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The Law of God

Editorial: More than a god of the gaps

Editorial: More than a god of the gaps

At times I have wondered about the role God plays in the world—where can we see Him at work? People have viewed Him—some still do—as what J. B. Phillips called the "god of the gaps." When you don't know about evaporation and condensation, then God's direct action seems the best explanation of how water comes from the sky. But with this approach the greater your ignorance, the more you think you see God at work around you; while, on the other hand, the more you learn about nature, the smaller your God becomes.

Deists hold another view of God's relation to His creation. They suggest that He created it all and then stepped back to let it run on its own. But such a lack of involvement hardly fits the biblical picture of God—in whom "we live, and move, and have our being."

But if we can find natural explanations—in the physical and social sciences—for most of what we see around us, then where does God fit in? I think creationists and evolutionists alike would agree that our world is as it is because matter and energy—and animate creatures—are governed by natural law. It is the consistency and universality of the laws of nature that make our universe knowable and habitable. And perhaps it is here that we see God's continuing presence in His creation. Without the laws He established and continues to maintain, the universe would be chaos, "without form, and void."

A wise father whose infant, while learning to walk, is suffering because of the law of gravity wouldn't have that law annulled even if he could. The act of walking and even their very lives depend on the continued functioning of that law. Instead, the father will help his child learn to use that law, learn to do what it makes possible. Working with and benefiting by all the laws of nature allows us to live, work, and play.

This insight gives us a new perspective on God's moral law, the Ten Commandments. That law is not a collection of arbitrary demands laid upon us to test the depths of our submission to God, nor is it a set of divinely ordained bootstraps by which we can attain righteousness—and thus eternal life. Rather, God's moral law makes possible our continuing existence as spiritual beings in relation to Him and to our fellow beings.

Christian freedom, then, does not mean release from obligation to that law—we would be the poorer if it did. It is true that conformity with God's law is not the means of salvation. Only Christ's sacrifice on our behalf could atone for our sins and bring to us justification. But having miraculously preserved us from the natural results of our transgression of that law, Christ will also bring us into harmony with it. Like the child whose freedom to move depends on learning to function in relation to the laws of physics, our freedom as moral agents depends on our learning to function in relation to God's moral law—a process we know as sanctification.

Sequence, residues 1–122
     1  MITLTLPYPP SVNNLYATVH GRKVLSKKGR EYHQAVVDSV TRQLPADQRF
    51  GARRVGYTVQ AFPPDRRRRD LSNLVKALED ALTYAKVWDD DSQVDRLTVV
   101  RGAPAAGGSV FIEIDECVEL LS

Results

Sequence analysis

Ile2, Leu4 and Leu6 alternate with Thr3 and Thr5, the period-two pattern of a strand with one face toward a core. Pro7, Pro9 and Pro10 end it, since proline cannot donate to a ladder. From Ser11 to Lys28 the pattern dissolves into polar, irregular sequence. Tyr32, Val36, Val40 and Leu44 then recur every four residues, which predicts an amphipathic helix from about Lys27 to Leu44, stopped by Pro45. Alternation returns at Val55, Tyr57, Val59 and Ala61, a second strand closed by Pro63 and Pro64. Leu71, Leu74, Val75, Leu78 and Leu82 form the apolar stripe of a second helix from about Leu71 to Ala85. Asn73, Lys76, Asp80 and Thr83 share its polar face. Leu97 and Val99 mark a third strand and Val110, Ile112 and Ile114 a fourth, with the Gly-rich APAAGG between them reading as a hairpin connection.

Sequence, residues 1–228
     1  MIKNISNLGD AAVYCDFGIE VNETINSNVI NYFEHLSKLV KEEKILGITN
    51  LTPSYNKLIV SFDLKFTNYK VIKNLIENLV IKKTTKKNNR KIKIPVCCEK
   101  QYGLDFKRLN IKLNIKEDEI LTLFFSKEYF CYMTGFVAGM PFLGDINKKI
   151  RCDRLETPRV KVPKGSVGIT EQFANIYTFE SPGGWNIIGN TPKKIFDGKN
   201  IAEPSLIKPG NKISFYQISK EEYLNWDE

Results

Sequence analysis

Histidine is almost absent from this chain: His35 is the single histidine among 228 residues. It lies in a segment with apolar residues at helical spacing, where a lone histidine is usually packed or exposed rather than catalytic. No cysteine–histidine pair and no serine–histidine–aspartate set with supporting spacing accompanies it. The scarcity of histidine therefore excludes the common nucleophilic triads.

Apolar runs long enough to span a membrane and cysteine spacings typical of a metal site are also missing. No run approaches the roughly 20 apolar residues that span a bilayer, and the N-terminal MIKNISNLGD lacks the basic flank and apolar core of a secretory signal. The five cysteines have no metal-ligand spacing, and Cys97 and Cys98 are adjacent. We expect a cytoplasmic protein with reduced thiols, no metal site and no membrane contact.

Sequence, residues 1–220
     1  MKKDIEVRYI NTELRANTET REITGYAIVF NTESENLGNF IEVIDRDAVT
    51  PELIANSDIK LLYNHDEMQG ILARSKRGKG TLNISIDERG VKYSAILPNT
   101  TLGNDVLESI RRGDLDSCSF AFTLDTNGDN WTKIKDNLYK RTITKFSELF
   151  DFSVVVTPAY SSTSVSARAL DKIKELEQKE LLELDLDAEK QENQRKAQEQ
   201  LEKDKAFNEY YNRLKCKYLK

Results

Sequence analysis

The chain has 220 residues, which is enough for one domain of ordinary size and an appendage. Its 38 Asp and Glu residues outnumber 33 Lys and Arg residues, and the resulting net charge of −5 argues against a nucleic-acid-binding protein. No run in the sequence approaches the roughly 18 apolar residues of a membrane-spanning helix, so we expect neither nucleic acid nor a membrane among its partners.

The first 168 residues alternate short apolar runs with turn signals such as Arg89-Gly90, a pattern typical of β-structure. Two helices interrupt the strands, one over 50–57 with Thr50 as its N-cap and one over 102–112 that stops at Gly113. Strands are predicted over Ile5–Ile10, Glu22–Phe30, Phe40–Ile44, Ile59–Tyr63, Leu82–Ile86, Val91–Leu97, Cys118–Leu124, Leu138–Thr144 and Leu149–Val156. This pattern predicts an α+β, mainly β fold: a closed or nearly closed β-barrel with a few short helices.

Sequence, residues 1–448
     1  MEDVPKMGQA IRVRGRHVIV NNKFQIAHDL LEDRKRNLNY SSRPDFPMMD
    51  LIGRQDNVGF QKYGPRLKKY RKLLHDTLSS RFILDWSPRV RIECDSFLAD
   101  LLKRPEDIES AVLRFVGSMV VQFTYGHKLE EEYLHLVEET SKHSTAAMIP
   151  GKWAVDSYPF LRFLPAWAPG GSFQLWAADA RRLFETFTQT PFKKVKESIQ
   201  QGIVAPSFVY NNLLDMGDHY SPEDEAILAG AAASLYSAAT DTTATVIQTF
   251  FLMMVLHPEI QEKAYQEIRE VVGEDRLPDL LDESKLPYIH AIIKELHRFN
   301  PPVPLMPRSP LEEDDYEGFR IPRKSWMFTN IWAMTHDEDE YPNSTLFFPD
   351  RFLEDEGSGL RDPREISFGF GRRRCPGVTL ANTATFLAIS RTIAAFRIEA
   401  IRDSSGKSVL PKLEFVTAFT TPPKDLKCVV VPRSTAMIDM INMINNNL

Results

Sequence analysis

Note these two powerful paragraphs from a book on Christian education: "Christ came to the world with the accumulated love of eternity. Sweeping away the exactions which had encumbered the law of God, He showed that the law is a law of love, an expression of the Divine Goodness. He showed that in obedience to its principles is involved the happiness of mankind, and with it the stability, the very foundation and framework, of human society.

"So far from making arbitrary requirements, God's law is given to men as a hedge, a shield. Whoever accepts its principles is preserved from evil. Fidelity to God involves fidelity to man. Thus the law guards the rights, the individuality, of every human being. ... It ensures man's well-being, both for this world and for the world to come. To the obedient it is the pledge of eternal life, for it ex presses the principles that endure forever."*

Too often, in our concern to preserve the truth that we obtain righteousness by faith alone, we have tended toward antinomianism. Christ came to reform a religion that for many had degenerated into legalism. But He did not teach that God's moral code had no place in the kingdom of grace. In fact, in His sermon on the mount He protested against the suggestion that He had come to abolish the law (Matt. 5:17).

Revelation goes so far as to indicate that those Christians who live in the troubled times just before Christ's second advent will be identifiable, in part, by their faithfulness to God's law. The remnant, the saints, are "those who obey God's commandments" (Rev. 12:17, NIV; see alsoRev. 14:12).

*Ellen G. White, Education (Mountain View, Calif. Pacific Press Pub. Assn., 1952), pp. 76, 77.

This article originally appeared in/on Ministry Magazine on November 1988.

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